We propose the use of Granger Causality to model the effects that dominant people induce on the other participants’ behavioral patterns during small group interactions. We test the proposed approach on a dataset of brainstorming and problem solving tasks collected using the sociometric badges’ accelerometers. The expectation that more dominant people have generalized higher influence is not borne out; however some more nuanced patterns emerge. In the first place, more dominant people tend to behave differently according to the nature of the task: during brainstorming they engage in complex relations where they simultaneously play the role of influencer and of influencee, whereas during problem solving they tend to be influenced by less dominant people. Moreover, dominant people adopt a complementarity stance, increasing or decreasing their body activity in an opposite manner to their influencers. On the other hand, less dominant people react (almost) as frequently with mimicry as with complementary. Finally, we can also see that the overall level of influence in a group can be associated with the group’s performance, in particular for problem solving task.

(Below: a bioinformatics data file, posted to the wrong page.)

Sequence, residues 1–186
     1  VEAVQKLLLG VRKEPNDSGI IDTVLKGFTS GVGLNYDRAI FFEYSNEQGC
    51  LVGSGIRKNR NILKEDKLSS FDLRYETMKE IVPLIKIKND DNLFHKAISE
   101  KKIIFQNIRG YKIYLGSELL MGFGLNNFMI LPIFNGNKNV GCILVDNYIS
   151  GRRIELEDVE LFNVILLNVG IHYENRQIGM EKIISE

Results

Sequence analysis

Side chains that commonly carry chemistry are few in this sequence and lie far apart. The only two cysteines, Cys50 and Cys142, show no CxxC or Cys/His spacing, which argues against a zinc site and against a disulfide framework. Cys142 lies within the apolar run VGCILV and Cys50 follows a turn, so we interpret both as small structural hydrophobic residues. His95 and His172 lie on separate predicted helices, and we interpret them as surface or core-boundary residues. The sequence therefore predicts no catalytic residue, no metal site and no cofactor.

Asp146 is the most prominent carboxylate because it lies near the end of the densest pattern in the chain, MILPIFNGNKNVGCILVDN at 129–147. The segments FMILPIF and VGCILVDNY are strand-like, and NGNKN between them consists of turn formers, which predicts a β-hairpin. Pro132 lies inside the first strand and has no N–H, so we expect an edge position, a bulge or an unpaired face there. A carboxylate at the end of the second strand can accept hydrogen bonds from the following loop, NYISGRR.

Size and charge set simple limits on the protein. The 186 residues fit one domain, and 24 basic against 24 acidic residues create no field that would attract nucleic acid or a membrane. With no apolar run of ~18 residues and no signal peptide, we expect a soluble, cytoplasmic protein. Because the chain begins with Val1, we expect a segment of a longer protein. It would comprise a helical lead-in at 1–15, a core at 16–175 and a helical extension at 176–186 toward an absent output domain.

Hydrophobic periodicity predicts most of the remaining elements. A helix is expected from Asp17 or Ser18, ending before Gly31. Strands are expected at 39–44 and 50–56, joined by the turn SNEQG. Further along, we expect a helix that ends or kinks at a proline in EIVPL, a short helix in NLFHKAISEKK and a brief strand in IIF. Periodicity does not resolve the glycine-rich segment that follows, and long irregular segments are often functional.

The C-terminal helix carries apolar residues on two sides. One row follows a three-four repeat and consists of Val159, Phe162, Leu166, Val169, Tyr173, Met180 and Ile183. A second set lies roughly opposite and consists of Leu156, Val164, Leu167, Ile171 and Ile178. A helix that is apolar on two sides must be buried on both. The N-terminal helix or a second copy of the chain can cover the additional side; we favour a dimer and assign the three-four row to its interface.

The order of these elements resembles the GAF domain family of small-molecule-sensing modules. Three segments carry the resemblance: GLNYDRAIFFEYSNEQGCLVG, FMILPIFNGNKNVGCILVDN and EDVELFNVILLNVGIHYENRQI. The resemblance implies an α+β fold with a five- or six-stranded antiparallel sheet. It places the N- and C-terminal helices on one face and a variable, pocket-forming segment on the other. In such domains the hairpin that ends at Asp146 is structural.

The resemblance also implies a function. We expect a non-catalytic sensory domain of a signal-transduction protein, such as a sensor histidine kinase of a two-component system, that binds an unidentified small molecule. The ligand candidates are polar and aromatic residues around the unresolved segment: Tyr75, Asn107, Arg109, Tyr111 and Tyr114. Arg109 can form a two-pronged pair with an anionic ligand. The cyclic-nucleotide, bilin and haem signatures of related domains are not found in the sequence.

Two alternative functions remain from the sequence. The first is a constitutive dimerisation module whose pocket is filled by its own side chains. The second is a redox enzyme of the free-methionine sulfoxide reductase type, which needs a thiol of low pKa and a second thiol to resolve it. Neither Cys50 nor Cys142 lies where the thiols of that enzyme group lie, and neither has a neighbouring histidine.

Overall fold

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- Automatic Modeling of Dominance Effects Using Granger Causality
Alex Sandy Pentland
- Springer Berlin Heidelberg
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